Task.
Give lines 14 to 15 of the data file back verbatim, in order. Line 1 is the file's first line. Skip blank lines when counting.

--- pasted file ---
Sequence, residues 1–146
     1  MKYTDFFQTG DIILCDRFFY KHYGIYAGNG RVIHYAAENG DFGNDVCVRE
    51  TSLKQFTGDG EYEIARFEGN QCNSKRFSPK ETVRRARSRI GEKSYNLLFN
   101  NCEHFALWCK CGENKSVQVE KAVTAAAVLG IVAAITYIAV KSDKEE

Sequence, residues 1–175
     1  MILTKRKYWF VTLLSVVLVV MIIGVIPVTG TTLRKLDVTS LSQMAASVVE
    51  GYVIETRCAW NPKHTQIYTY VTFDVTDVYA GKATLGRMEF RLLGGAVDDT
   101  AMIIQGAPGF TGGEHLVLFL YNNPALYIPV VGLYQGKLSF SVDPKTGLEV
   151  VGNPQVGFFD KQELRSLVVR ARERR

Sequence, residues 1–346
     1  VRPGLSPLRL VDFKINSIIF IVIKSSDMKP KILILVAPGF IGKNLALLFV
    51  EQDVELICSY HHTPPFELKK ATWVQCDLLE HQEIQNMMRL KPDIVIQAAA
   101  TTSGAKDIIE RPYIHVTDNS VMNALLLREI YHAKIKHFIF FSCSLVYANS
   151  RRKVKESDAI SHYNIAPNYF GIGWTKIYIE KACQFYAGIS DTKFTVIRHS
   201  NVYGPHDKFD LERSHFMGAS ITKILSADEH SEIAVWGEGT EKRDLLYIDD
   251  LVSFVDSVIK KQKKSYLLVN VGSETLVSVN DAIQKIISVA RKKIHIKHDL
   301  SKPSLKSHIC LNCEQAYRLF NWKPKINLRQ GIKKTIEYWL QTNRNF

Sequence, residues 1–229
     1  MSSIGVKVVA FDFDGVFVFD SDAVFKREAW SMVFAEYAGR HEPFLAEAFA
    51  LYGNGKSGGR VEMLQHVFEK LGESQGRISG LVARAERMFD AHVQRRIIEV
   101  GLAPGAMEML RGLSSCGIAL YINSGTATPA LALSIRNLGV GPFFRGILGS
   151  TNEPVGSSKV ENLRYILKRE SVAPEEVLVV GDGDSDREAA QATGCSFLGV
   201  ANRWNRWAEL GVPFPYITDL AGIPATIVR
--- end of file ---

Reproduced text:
   151  RRKVKESDAI SHYNIAPNYF GIGWTKIYIE KACQFYAGIS DTKFTVIRHS
   201  NVYGPHDKFD LERSHFMGAS ITKILSADEH SEIAVWGEGT EKRDLLYIDD